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I have the following the PHP that I am using to calculate percentage decreases or increases:

function CalculatePercentageIncrease( $nLastMonthPeriod, $nCurrentPeriod ) {
    if ( !is_numeric( $nLastMonthPeriod ) || !is_numeric( $nCurrentPeriod ) )
        return 0;

    if ( $nLastMonthPeriod == 0 )
        return 0;

    $nLastMonthPeriod = intval( $nLastMonthPeriod );
    $nCurrentPeriod = intval( $nCurrentPeriod );

    $nDifference = ( ( ( $nCurrentPeriod - $nLastMonthPeriod ) / $nLastMonthPeriod ) * 100 );

    return round( $nDifference );
}

The problem that I am wondering about is if $nLastMonthPeriod is 0 and $nCurrentPeriod is 10 then should it be returning 100 and not 0?

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5 Answers 5

up vote 2 down vote accepted

if $nLastMonthPeriod is 0 and $nCurrentPeriod is 10 then should it be returning 100 and not 0?

Thats what you coded ...

  if ( $nLastMonthPeriod == 0 )
        return 0;

did you mean?

  if ( $nLastMonthPeriod == 0 )
       if ($nCurrentPeriod>0)
          return 100; //whatever you want
       else
          return 0;
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5  
This is just wrong... –  Johan Lundberg Jun 7 '12 at 12:28

An increase from 0 to 10 can not be described as a percentage increase. You need to treat that case separately.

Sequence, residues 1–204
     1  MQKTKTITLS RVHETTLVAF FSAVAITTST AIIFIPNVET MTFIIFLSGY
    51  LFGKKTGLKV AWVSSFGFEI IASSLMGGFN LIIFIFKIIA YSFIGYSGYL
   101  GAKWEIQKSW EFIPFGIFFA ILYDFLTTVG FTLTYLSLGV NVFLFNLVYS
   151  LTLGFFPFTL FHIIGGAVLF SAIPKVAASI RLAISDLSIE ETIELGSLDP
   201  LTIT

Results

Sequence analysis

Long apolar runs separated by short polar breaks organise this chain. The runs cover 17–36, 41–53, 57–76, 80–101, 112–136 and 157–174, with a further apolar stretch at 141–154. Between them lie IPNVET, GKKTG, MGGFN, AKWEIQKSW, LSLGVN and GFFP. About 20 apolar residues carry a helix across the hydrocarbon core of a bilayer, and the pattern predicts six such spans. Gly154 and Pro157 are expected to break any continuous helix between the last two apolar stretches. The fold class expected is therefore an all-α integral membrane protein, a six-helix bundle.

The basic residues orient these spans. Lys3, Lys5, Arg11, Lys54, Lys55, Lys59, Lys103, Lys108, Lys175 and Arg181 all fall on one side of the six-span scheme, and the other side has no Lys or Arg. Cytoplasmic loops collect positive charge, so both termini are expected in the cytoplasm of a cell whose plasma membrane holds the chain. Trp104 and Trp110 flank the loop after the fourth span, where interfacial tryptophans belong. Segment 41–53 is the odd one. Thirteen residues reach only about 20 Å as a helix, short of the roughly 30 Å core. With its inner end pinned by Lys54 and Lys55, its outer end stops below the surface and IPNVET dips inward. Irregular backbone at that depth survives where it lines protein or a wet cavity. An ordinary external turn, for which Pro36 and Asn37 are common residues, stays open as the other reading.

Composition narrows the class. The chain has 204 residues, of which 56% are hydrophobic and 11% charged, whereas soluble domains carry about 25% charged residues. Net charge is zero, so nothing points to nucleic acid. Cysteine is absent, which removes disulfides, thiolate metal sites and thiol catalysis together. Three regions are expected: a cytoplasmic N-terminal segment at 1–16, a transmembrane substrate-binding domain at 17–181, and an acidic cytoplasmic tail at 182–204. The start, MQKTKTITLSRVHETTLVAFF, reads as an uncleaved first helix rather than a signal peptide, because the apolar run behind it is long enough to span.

The answer is not 0 % or 100 %.

Either

  1. tell the users of the function that it's only valid when the old value is != 0

  2. use exceptions

  3. return NULL (suggested by Jack Maney)

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But the problem I am having is that $nLastMonthPeriod is generated automatically and isnt user controlled so should it just not be returning anything cause theres any data from last month and it cant divide by zero? –  ub3rst4r Jan 22 '12 at 20:24
    
Well, every time the program (in my words: 'the user') calls this function you need to make sure what you want the program to actually do in case of division by zero. Then you use NULL or exceptions to figure out that it occurred. If for example you display a graph showing the returned value you may want to make it grayed out. If print some text or symbol indicating what happened. No magic number will do. If you assign for example 0 for this case people will think that last value was also 10. If you put 100%, people will think it was 5, etc. –  Johan Lundberg Jan 23 '12 at 2:16

Since you can't divide by zero (for many reasons, both technical and mundane), it would probably be best to return NULL when $nLastMonthPeriod==0.

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You could simply put in a check:

$nDifference = $nLastMonthPeriod == 0 ? 100 : ( ( ( $nCurrentPeriod - $nLastMonthPeriod ) / $nLastMonthPeriod ) * 100 );
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4  
no! 0 * 100% = 0 –  Johan Lundberg Jan 22 '12 at 8:53
function percent($small, $large){
    if($large !=0){
    $percentCalc = ((100*$small)/$large);
    $percent = number_format($percentCalc, 1);
        return $percent;
    } else {
    return '0';
}
}
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